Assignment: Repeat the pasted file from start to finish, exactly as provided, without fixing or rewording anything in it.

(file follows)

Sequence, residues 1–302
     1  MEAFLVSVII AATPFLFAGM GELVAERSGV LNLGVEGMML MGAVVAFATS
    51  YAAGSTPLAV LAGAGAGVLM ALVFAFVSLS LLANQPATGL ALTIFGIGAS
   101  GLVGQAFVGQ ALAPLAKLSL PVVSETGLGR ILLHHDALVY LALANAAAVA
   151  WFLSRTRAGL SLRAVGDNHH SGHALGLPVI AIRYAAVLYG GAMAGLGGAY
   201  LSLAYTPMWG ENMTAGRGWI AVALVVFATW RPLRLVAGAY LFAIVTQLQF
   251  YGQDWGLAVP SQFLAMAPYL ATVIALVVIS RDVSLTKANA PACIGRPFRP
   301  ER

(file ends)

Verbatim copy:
Sequence, residues 1–302
     1  MEAFLVSVII AATPFLFAGM GELVAERSGV LNLGVEGMML MGAVVAFATS
    51  YAAGSTPLAV LAGAGAGVLM ALVFAFVSLS LLANQPATGL ALTIFGIGAS
   101  GLVGQAFVGQ ALAPLAKLSL PVVSETGLGR ILLHHDALVY LALANAAAVA
   151  WFLSRTRAGL SLRAVGDNHH SGHALGLPVI AIRYAAVLYG GAMAGLGGAY
   201  LSLAYTPMWG ENMTAGRGWI AVALVVFATW RPLRLVAGAY LFAIVTQLQF
   251  YGQDWGLAVP SQFLAMAPYL ATVIALVVIS RDVSLTKANA PACIGRPFRP
   301  ER